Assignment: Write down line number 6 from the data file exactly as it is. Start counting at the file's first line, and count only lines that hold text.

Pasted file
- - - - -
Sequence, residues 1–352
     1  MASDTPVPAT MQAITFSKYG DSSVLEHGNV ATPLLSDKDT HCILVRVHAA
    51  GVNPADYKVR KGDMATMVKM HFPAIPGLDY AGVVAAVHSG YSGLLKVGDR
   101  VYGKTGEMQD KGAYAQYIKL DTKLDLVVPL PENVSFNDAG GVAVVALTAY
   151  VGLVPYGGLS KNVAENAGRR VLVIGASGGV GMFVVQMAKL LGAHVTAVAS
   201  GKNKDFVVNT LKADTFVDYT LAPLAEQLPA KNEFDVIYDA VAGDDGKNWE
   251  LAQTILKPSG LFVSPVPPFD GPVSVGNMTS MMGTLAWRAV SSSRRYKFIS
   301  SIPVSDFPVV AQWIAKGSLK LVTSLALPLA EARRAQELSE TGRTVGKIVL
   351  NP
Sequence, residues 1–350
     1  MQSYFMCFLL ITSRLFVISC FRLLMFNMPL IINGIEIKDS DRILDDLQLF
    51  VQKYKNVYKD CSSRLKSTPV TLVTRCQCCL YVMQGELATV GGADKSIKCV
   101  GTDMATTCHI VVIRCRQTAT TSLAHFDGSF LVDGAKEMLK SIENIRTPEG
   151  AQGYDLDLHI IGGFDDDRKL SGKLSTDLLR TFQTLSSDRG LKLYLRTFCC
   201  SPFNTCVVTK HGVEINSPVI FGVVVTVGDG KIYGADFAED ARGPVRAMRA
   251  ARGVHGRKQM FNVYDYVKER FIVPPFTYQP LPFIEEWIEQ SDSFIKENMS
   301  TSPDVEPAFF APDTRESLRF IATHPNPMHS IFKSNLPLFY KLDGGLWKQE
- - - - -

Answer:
   201  GKNKDFVVNT LKADTFVDYT LAPLAEQLPA KNEFDVIYDA VAGDDGKNWE